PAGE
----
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Repurposing an Icon

Friends of the Khyber Consult with Plans

by Laura Shepherd

Friends of the Khyber members (l-r) Catherine Abreu, Emily Davidson, Rebecca Rose and Susan Wolf at a public meeting February 17 on redevelopment plans for the iconic Barrington Street Heritage Property. [Photo: L. Shepherd]
Friends of the Khyber members (l-r) Catherine Abreu, Emily Davidson, Rebecca Rose and Susan Wolf at a public meeting February 17 on redevelopment plans for the iconic Barrington Street Heritage Property. [Photo: L. Shepherd]

KJIPUKTUK (Halifax) - The dream of a repurposed Khyber building continues to take shape.

At a public meeting in the Central Library on Tuesday, February 17, members of the Friends of the Khyber (FOK) provided updates and sought input on plans to redevelop the city-owned Barrington Street property. The ad hoc group, currently completing incorporation as a volunteer not-for-profit society, provided updates to fifteen people gathered at the public session.

Originally built as the Church of England Institute, the turreted brick building shared a central Barrington Street block with the adjacent City Club, a former businessman’s club. Site of The Turret¸ the now-fabled gay and lesbian bar and dance space that occupied the iconic third-floor architectural feature in the 1970s, the building acquired its current moniker when businessman Amin Nasr opened The Khyber Café on the main floor in 1984. Tenants then included the Atlantic Filmmakers’ Co-op and Wormwood’s Dog & Monkey Cinema, a repertory movie house that projected films with vintage carbon-arc projectors, the first devices to project “moving pictures”.

Friends of the Khyber representative, Catherine Abreu, opened the session by encouraging public input, saying, “We don’t feel we have the mandate to make decisions without community consultation.”

FOK, along with the artist-run Khyber Arts Centre, Neptune Theatre, and volunteer architectural and heritage consultants are developing operational, financing and management plans to enable not-for-profit organizations to sustainably occupy the historic building.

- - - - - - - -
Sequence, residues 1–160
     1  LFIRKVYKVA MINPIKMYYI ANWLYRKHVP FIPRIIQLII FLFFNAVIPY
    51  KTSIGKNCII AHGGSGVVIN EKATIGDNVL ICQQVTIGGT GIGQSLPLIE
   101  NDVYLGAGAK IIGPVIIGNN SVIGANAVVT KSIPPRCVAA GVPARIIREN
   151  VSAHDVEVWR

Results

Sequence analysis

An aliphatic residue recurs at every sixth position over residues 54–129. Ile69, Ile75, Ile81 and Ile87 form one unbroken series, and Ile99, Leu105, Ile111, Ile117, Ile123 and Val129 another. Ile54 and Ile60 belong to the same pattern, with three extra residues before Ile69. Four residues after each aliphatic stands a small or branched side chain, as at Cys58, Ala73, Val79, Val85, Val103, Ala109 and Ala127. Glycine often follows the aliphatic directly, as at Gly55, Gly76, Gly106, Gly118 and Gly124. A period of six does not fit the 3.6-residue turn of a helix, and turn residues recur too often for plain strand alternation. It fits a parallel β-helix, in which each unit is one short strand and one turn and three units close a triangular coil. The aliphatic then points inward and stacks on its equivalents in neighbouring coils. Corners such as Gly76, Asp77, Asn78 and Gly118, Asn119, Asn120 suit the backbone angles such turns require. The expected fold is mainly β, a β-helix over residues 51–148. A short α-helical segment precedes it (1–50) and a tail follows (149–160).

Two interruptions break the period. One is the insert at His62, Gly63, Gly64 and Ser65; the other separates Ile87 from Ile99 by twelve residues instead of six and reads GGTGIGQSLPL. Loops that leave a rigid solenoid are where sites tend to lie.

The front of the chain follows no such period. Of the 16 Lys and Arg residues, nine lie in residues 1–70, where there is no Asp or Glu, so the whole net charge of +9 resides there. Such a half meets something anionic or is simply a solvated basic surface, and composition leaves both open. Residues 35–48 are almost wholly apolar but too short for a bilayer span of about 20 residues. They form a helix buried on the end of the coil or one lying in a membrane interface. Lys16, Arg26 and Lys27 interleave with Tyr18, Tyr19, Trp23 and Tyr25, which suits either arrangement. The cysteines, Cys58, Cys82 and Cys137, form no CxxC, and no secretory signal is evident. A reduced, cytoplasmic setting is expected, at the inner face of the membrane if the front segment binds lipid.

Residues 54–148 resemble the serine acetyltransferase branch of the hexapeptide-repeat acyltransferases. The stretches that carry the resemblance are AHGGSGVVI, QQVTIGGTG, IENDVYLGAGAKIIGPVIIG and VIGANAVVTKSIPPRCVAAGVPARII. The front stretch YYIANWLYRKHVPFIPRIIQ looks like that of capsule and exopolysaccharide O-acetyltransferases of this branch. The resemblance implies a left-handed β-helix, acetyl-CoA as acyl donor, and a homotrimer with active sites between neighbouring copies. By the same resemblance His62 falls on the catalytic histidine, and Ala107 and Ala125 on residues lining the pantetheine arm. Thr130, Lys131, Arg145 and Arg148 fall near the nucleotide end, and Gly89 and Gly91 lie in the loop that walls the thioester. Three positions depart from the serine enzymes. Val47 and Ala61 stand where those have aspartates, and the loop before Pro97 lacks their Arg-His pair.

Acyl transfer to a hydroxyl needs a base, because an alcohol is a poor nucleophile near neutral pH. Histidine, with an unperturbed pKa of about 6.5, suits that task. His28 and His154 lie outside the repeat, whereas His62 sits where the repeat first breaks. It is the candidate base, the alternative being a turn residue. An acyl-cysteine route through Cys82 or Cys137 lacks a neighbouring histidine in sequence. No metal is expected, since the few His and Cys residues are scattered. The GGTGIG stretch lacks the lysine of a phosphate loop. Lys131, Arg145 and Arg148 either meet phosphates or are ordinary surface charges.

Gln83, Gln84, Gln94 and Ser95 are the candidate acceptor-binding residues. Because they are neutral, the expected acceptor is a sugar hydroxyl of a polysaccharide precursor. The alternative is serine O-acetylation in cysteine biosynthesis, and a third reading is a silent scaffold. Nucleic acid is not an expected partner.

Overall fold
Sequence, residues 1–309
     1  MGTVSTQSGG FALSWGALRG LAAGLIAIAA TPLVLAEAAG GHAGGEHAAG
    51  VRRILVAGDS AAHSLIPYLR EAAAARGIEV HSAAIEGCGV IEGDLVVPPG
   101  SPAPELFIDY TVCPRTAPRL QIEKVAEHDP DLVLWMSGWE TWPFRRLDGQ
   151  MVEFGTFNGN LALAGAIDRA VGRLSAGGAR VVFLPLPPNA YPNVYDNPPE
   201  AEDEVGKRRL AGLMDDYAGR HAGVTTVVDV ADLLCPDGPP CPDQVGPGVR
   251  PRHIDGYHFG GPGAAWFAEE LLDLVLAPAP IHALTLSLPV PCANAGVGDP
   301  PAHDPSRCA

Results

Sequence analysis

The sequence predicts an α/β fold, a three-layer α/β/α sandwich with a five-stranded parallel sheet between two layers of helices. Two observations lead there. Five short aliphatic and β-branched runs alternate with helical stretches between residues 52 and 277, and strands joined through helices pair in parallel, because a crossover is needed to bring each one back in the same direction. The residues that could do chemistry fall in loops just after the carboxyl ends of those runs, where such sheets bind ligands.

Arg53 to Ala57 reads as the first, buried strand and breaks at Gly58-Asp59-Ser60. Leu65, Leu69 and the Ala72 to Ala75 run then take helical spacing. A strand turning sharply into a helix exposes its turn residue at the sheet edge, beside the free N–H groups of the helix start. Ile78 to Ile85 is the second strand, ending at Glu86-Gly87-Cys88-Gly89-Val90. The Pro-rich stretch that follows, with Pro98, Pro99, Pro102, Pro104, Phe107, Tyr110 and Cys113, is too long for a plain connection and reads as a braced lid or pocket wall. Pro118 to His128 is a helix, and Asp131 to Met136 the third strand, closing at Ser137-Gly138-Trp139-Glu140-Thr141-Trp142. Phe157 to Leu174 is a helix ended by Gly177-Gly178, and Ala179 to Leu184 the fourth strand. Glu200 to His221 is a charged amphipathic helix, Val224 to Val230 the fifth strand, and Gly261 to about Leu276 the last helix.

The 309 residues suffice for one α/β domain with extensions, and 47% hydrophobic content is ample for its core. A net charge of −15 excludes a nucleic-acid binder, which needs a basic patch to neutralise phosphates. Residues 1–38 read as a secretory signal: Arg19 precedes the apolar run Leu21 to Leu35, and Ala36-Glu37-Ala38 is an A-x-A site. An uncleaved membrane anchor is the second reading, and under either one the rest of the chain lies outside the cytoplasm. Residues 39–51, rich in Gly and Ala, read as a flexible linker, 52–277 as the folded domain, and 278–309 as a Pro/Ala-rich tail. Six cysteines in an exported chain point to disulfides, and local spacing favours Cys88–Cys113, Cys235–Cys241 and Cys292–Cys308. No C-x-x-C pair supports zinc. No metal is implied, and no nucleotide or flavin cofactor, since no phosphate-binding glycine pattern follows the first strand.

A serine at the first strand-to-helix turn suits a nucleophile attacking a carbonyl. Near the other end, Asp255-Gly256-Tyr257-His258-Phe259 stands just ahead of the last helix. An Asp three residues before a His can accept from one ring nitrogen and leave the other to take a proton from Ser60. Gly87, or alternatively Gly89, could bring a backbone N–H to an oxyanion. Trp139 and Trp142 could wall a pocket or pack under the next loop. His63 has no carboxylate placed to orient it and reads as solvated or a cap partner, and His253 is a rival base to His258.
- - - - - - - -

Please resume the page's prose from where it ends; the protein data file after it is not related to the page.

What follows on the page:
The concept, FOK member Emily Davidson explained, calls for the city to enter into a long-term lease with a voluntary management group to operate the alternative arts and community space. A multi-pronged strategy to raise required renovation funds, currently estimated by city planners at $4 million, is critical to the venture. The managing board will include occupants and user groups and will hire a designated building manager. Ongoing operational costs are expected to be recovered from anchor tenant rentals and featured events.

Rebecca Rose, speaking for absent FOK member Robin Metcalfe, outlined efforts to enlist anchor tenants, which currently include the Khyber Arts Centre and Neptune Theatre (which envisions an 80-seat performance space). Friends of Khyber also hope to enlist a queer community tenant, continuing a community presence that dates to The Turret¸ Nova Scotia’s first gay bar.

Finding funding for renovations is the most daunting obstacle facing the plan. While the group is willing to be flexible in approaching the private sector for “realistic partnership options”, they have already decided against peddling corporate naming rights to raise funds. The group is researching municipal, provincial and federal funding programs.

Details for renovations are as yet uncertain, however installation of an elevator and other adaptations to achieve barrier-freedom for people with disabilities is a minimum standard the group hopes to exceed by adding gender-neutral washrooms, scent-freedom practices and other features. A particular challenge is locating and installing the elevator while preserving the architectural character of the century-old Heritage Property.

Friends of the Khyber concluded the gathering by inviting those in attendance into open discussions of management, fundraising, and operational considerations. The group promises continued public consultation as it works toward a self-imposed May deadline for the development of a “solid” proposal to the city for long-term stewardship of the building.

Other members of Friends of the Khyber include Susan Wolf, musician Joel Plaskett, and art curator and long-time social activist Robin Metcalfe.

Formal efforts to develop a central arts and culture centre for the space emerged with a 2010 proposal to the HRM. One outcome of that proposal was the estimate, by city planners, of the $4 million figure in question for renovations to permit long-term occupancy of the building. Friends of the Khyber, in association with others, is currently reviewing that figure, looking for ways the needed renovations can be accomplished for less capital expense.


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